- In the KC Case, the Claimant, is Kenneth Coleman, a famous fashion designer. The Respondent had registered the disputed domain name in 2007 without obtaining any authorization. The domain name as registered by the Respondent resembled the domain name of Kenneth Coleman’s fashion house. In this regard, a legal notice was filed by Kenneth Coleman. After receiving such notice, the Respondent offered to sell the domain name back to the Claimant for monetary benefit. The Nixi tribunal held that it was not essential for the Claimant to have a registered trademark in his personal name. The actions of the Respondent would constitute infringement, as they were carried out in bad faith and there was no legitimate interest in the usage of the terms Kenneth Coleman.
- In the Armani Case, the Nixi tribunal held that – the original owner, to whose name goodwill and reputation is attached does not necessarily require vesting of prior rights. It was concluded that failure to renew the registration of a pre-existing domain name, would not entitle another entity to act in an opportunistic manner and register a similar name.
Upon assessing the facts of the cases as mentioned above, a recurring pattern emerges. Cyber squatters in India operate within a pre-existing matrix, wherein in most cases, the main objective of registration is to eventually sell the domain name to the original owner at a high price or to utilize it for personal gains. A direct consequence of this practice is that the cyber- squatter gets to cash in on the profits from the usage or sale of the registered domain name. Thus, the legal disputes surrounding the registration of domain names for internet protocol addresses across India are premised on the principle of enhancing economic efficiency.[ii]
It is clear from the aforementioned cases that courts probe three main criteria in the process of deciding on issues of domain names –
- distinct character and the likelihood of confusion,
- the interest of the respondent vis-à-vis the usage of the domain name and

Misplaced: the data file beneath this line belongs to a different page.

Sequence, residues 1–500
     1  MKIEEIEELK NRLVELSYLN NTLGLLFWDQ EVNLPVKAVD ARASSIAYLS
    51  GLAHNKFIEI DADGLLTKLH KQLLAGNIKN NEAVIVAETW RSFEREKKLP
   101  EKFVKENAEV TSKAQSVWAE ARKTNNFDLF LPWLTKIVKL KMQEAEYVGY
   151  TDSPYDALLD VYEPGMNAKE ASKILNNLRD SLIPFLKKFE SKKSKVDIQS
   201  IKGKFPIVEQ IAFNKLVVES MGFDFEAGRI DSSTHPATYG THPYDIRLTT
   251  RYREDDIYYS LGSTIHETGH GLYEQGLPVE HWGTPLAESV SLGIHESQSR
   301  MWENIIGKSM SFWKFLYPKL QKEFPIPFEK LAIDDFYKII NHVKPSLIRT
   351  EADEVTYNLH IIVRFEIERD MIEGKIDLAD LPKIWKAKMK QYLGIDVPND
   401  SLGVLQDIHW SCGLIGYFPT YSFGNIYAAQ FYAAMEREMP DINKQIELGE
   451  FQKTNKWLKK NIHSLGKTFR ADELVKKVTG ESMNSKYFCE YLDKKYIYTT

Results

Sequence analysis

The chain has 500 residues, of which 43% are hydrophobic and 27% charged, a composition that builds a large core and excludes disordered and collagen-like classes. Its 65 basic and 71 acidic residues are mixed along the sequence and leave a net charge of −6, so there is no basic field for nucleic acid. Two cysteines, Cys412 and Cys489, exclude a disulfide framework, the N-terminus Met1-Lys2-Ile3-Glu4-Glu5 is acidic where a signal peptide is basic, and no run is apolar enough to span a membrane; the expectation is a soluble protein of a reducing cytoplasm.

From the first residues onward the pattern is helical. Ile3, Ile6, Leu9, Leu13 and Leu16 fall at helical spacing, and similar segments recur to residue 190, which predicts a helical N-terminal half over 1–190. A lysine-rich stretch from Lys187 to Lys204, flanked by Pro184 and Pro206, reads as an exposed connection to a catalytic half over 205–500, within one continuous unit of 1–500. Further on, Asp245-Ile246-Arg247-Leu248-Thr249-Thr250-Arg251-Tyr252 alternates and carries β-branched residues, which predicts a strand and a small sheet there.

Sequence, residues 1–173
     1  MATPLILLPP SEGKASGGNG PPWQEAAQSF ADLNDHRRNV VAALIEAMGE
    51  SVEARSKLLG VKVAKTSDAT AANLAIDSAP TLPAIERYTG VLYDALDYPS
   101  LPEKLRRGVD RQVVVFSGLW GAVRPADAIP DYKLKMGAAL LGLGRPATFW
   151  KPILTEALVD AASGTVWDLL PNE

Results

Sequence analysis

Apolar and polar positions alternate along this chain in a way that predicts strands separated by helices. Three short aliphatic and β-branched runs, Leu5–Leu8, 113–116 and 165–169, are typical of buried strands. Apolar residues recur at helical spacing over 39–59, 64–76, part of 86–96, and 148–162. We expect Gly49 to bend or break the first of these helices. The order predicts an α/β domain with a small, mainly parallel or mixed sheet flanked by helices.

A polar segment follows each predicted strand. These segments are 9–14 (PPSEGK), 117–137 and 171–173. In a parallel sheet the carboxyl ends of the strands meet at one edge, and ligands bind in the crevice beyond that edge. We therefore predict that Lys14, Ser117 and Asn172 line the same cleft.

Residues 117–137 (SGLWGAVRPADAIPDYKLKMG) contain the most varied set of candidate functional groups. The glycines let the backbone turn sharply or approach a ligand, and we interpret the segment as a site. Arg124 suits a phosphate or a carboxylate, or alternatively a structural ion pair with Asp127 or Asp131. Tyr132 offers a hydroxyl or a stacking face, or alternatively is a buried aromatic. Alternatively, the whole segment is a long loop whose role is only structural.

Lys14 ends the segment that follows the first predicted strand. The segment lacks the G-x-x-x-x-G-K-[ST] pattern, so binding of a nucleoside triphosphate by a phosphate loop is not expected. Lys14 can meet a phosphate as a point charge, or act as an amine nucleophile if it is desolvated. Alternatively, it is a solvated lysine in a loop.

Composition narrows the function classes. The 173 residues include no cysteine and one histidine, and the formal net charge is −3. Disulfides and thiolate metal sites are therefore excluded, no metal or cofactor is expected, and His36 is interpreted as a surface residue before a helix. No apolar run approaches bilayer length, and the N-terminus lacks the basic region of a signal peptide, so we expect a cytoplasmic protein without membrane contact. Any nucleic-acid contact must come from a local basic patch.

- intention for registration.
Celebrities seek to protect the economic associative value of their persona.[iii] This includes their image, likeness, voice, and several other attributes. While the trademark’s discourse may not be sufficient to secure all the traits – names have been recognized as commercially viable instruments. Thus, they can be shielded as trademarks.
While the Supreme Court and different High Courts acknowledge that it is imperative to permit trademark registration of domain names, celebrities or other famous personnel have not been granted a monopoly to make such registrations. Honest persons making use of their own names during the course of trade are permitted to do so in good faith, even if their names resemble those of a well-known individual or entity. The decisions as espoused in the Satyam Case, Arun Jaitley Case, KC Case and Armani Case followed a rights-based approach in order to reach a consensus. In my opinion, all the adjudicatory bodies acted upon the understanding that execution of a uniform rule of law favouring popular persons who form only a specific section of the populace would have adverse ramifications. It would take away the agency of other non-famous individuals to access their intellectual property rights, and in furtherance of the same lead to infringement. Therefore, in order to accommodate varying and diverse interests that may exist in a society, it is crucial for statutes to be written and implemented in a nuanced fashion.
 Section 2(1)(m), The Trademarks Act ,1999
 Section 9, The Trademarks Act ,1999
 Section 11, The Trademarks Act, 1999
 (2004) 6 SCC 145
 (2011) 181 DLT 716
[i] (2004) 6 SCC 145
[ii] GHOSH, PAPIYA. “Domain Name Disputes: An Economic Analysis of Some Court Cases in India.” Economic and Political Weekly, vol. 47, no. 51, 2012, pp. 52–58. JSTOR, www.jstor.org/stable/23391159. Accessed 8 Apr. 2021.
[iii] Kumar , Aakanksha. “Celebrity Domain Name Arbitration: Enforcing the Right of Publicity Through Private Dispute Resolution in India .” Alternative Dispute Resolution Prospects and Challenges , Bharti Publications , Darya Ganj , New Delhi , 2020.